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The International Judge: An Introduction to the Men and Women Who Decide the World's Cases

March 19, 2008

Introduction

JOANNE MYERS: I'm Joanne Myers, Director of Public Affairs Programs. On behalf of the Carnegie Council, I would like to welcome our members and guests, and to thank you for joining us.

Today we are very excited to be hosting a panel discussion on The International Judge: An Introduction to the Men and Women Who Decide the World's Cases.

For the panelists, we have Cesare Romano, Daniel Terris, and Judge Stephen Schwebel. Each of them will be speaking for about ten minutes.

It has been said that necessity is the mother of invention. Accordingly, in the wake of political revolutions and other upheavals, nations of the world have come together to create a new set of legal institutions to deal with a broad range of issues, from settling border disputes to holding individuals accountable for crimes of genocide, and from offering the promise of justice to those who cannot find it within their own countries to ruling on international trade disputes involving billions of dollars.

For many of us, the work of the international judges is poorly understood. The institutions they serve, such as the International Court of Justice, the International Criminal Tribunals for the former Yugoslavia and Rwanda, the Inter-American Court of Human Rights, and the WTO Appellate Body, have all been frequent targets of misinformed criticism.

In The International Judge: An Introduction to the Men and Women Who Decide the World's Cases, the editors of this volume, two of whom are with us this afternoon—Dan Terris and Cesare Romano—give us the first in-depth examination of the individuals who hear and decide these important cases and the political, moral, ethical, and legal concerns that animate their work. This book builds on the work of two academic undertakings, the Brandeis Institute for International Judges and the Project on International Courts and Tribunals which was jointly established in 1997 by the Center on International Cooperation at NYU and at the Foundation for International Environmental Law and Development at the School of Oriental and African Studies at the University of London.

In this afternoon's program, we will hear three perspectives on the subject of the international judge. Cesare Romano will introduce the panel. He is a scholar of international law whose decade-long management of the Project on International Courts and Tribunals has given him the opportunity to write extensively on international courts; in particular, on the legal and political aspects of their work.

Dan Terris was trained a historian and is a founder of the Brandeis Institute for International Judges.

Judge Schwebel served as a judge of the International Court of Justice for several years and will share his experience and expertise when he talks about his perspective from the bench.

Now, to learn just who these international judges are and the challenges they face, please join me in giving a very warm welcome to our distinguished panelists, in alphabetical order, Cesare Romano, Judge Schwebel, and Dan Terris.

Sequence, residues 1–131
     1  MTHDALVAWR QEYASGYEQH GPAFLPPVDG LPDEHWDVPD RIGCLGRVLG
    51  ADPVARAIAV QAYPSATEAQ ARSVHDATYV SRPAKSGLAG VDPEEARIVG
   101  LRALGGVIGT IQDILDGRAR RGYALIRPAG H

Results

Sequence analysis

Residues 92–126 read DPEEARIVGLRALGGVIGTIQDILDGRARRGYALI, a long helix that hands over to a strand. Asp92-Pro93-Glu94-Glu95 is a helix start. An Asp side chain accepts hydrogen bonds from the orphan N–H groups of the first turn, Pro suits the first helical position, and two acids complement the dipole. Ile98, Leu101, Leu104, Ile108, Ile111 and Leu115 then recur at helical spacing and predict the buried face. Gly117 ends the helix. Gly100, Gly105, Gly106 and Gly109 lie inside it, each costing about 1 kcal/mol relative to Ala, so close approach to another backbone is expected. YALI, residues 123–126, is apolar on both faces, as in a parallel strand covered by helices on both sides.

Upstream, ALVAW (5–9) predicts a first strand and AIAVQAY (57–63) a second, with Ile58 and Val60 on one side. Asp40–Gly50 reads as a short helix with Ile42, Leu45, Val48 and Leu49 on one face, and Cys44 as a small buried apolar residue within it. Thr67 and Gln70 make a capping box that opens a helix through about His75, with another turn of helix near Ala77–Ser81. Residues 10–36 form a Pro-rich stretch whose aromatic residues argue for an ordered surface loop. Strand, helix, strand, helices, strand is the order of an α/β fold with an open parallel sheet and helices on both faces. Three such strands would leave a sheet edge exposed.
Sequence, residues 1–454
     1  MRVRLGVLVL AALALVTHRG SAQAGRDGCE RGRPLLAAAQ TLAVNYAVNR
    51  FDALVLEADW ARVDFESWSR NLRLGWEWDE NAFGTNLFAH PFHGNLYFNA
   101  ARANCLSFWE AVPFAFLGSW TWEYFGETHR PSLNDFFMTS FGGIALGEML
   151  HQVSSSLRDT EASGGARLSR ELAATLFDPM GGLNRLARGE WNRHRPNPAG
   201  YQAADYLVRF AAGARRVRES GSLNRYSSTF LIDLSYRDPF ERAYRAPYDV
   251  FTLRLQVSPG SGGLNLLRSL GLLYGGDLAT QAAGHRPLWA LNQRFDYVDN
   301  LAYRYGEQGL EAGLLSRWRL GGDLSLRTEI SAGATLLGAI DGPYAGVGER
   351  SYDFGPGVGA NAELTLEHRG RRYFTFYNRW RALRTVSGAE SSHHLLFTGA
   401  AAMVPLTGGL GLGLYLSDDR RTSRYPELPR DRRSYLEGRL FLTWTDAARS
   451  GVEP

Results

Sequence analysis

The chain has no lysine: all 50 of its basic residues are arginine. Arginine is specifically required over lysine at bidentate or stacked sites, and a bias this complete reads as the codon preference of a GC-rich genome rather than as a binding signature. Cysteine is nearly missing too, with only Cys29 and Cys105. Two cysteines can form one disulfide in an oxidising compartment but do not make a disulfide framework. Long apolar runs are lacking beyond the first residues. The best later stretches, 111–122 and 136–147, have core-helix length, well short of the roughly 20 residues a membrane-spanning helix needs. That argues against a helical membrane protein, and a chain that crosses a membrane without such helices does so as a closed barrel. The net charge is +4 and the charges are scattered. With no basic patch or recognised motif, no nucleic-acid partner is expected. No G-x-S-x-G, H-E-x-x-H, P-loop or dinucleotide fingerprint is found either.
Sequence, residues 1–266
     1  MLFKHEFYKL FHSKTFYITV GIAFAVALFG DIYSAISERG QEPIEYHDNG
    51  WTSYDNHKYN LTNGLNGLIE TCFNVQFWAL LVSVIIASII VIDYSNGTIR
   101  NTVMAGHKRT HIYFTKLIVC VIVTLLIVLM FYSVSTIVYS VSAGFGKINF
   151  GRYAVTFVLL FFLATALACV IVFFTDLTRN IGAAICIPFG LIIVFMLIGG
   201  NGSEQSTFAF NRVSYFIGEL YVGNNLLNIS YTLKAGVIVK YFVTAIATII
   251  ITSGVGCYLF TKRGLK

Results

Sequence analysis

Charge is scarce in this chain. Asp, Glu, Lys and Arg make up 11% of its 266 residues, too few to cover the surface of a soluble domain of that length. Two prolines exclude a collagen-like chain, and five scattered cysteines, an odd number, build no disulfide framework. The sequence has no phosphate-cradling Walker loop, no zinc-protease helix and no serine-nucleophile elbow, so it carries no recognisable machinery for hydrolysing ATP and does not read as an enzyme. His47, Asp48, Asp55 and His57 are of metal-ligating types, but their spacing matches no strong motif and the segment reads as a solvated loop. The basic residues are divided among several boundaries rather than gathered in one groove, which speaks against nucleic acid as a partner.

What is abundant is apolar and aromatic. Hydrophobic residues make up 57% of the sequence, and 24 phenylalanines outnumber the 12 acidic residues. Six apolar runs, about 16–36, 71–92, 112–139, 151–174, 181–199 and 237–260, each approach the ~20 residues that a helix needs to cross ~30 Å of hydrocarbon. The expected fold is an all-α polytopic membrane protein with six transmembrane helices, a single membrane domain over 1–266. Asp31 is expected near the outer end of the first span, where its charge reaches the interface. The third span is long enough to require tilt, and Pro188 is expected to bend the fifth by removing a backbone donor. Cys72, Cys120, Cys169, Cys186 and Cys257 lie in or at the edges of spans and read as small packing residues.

Thank you all for joining us.

Cesare Romano

CESARE ROMANO: Thank you, Joanne. I will start, and I promise that we will keep on track, so that we will have ample time for discussion, questions, and answers.

As Joanne said in the introduction, the background context is the growing number of international courts and tribunals that have been established, especially since the 1990s, in the past 10 to 15 years. These courts operate—I don't know how many of you might be familiar with the whole range—they operate at various levels. Some are at a universal level. They are attached to the United Nations and exercise general competence—for instance, the International Court of Justice that had the honor of having Justice Schwebel as president, or the World Trade Organization Appellate Body, which is another one that usually comes up in the news, or the International Criminal Court. There are many other courts that have regional scope, some in the Americas, very important ones in Europe, many in Africa.

The fact is that usually scholars tend to approach international courts as international organizations, and therefore look at institutional aspects. But very rarely do they go beyond the façade and look at the people who animate these institutions. In the case of courts of law, the personality of the judges comes even more to the fore, because it's essential in determining, eventually, the outcome of the judicial processes.

The fact is that there is a general misunderstanding of international judges, in the sense that, because international courts are a recent phenomenon, they have quickly entered the international arena as major players. But there is very little understanding about who these people are, where they are come from, how they are trained, how they are selected, how they interact with each other once they are on the bench, how they interact across benches between international courts and tribunals, how issues like language shape their interactions and eventually create some force of hierarchies.